THE PURPOSE OF ALL THIS IS SO THAT YOU WILL BE EQUIPPED TO VALUE THIS WEEK OF THANKSGIVING in such a way that your understanding and appreciation of Thanksgiving is enhanced and as a result you are able to thank God more in a more biblical and emphatic way.
GOD WANTS US TO BE THANKFUL PEOPLE. He wants our thanksgiving to be “sacrificed” passionately…
NAS Psalm 95:2 Let us come before His presence with thanksgiving; Let us shout joyfully to Him with psalms.
PSALM 95:2 EMPLOYS A HEBREW VERB THAT IS IN THE MOST INTENSE form possible (the Hebrew piel verbal stem). Only the NET Bible and the ESV translation render this verse correctly with an exclamation mark.
GOD EXPECTS TO RECEIVE OUR THANKSGIVING. We are told to approach Him with enthusiastic thanksgiving. Listen to these beautiful words of Psalm 100 and see if you don’t agree that Thanksgiving is meant to be offered with an exclamation point!
NAS Psalm 100:1-5 A Psalm for Thanksgiving. Shout joyfully to the LORD, all the earth.
Serve the LORD with gladness; Come before Him with joyful singing. Know that the LORD Himself is God; It is He who has made us, and not we ourselves; We are His people and the sheep of His pasture. Enter His gates with thanksgiving, And His courts with praise. Give thanks to Him; bless His name. For the LORD is good; His lovingkindness is everlasting, And His faithfulness to all generations.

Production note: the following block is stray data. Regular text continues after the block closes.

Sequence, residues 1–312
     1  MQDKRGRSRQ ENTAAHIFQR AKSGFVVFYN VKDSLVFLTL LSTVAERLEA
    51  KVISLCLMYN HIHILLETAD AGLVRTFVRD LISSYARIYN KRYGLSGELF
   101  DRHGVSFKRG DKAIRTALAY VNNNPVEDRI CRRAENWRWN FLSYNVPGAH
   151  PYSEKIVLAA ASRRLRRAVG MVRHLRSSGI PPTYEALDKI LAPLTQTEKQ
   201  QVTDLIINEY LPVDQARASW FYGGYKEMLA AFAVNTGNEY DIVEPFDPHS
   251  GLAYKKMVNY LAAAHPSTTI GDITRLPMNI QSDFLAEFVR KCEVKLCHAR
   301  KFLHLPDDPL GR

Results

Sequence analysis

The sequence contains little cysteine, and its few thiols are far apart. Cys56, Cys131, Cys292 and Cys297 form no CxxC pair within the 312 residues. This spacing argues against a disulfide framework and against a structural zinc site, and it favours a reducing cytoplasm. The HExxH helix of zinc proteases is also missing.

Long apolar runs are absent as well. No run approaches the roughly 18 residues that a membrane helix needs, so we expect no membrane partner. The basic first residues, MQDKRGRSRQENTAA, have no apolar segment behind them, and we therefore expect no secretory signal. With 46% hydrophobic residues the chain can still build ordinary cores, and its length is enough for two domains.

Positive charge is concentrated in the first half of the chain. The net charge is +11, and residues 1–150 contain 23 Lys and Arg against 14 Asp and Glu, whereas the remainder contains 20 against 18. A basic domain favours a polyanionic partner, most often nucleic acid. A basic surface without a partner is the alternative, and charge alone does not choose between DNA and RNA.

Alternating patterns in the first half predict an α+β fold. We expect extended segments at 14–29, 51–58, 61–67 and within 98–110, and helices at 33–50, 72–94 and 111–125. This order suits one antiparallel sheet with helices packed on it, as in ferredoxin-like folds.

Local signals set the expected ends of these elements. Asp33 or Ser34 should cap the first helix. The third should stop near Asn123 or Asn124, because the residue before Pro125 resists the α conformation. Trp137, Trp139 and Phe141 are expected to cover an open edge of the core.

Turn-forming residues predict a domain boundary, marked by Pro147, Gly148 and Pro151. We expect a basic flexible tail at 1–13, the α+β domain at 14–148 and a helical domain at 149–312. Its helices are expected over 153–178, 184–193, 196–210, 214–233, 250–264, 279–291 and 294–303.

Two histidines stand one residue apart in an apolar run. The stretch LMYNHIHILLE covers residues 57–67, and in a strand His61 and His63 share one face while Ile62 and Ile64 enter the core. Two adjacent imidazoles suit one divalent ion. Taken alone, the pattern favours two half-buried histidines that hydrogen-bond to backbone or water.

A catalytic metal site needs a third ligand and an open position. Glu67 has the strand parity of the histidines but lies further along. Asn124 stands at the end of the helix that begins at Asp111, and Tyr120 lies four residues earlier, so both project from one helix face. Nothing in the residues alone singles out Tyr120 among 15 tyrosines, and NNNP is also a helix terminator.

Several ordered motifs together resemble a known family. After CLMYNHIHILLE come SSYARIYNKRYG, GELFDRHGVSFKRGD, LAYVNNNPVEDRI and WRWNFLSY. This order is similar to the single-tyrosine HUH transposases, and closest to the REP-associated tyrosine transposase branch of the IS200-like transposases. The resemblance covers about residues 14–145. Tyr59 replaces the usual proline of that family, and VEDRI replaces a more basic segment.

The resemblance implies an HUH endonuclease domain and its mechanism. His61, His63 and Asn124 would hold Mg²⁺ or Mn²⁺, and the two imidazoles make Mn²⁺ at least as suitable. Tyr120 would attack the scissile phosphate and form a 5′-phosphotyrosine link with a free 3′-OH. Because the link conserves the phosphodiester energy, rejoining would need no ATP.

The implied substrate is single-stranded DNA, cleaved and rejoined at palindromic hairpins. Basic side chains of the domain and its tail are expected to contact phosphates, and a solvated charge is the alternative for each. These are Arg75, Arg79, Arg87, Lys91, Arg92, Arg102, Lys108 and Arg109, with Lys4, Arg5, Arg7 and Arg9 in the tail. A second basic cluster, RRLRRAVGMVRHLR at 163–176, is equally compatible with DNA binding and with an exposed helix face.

THIS BEAUTIFUL LITTLE PSALM IS A CALL TO PUBLICLY THANK AND PRAISE GOD. Consider that in the light of our Thanksgiving in modern day America: any feeble, fleeting mention of God is swept away by the aggressive blare of materialism and hedonism. No, we are not a theocracy like the nation of Israel (a theocracy is a government that is ruled by God or any religious authority), but because “It is He who has made us! We are the sheep of His pasture,” we can, I believe, intelligently make this connection. Psalm 100 is a public celebration of the Lord’s rule over mankind. When understood this way, all nations can be enthusiastically shouting praise and thanksgiving to God in word and song. As a nation that was founded on the principles of the God of the Bible, we in America should be engaged in a public sacrifice of praise. The Lord should be publicly praised and worshipped because He is the sovereign Creator of all the universe.
THINK I’M GOING TOO FAR THERE? Listen to what Abraham Lincoln said in his Thanksgiving Day Proclamation of 1863: “…No human counsel hath devised, nor hath any mortal hand worked out these great things (God’s providential care of America). They are the gracious gifts of the most high God, who, while dealing with us in anger for our sins, hath nevertheless remembered mercy.” (mercy is withholding from us what punishment or condemnation we deserve – TAR).